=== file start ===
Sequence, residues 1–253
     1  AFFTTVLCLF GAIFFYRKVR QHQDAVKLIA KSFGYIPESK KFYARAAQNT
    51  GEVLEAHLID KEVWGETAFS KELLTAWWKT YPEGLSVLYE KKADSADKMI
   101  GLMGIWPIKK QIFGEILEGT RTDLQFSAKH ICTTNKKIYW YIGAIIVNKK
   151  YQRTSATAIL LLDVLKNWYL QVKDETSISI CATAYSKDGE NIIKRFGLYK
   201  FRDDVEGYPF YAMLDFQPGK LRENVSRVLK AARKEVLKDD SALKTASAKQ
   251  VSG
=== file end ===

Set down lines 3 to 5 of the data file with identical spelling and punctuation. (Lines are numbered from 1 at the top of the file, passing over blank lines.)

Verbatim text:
    51  GEVLEAHLID KEVWGETAFS KELLTAWWKT YPEGLSVLYE KKADSADKMI
   101  GLMGIWPIKK QIFGEILEGT RTDLQFSAKH ICTTNKKIYW YIGAIIVNKK
   151  YQRTSATAIL LLDVLKNWYL QVKDETSISI CATAYSKDGE NIIKRFGLYK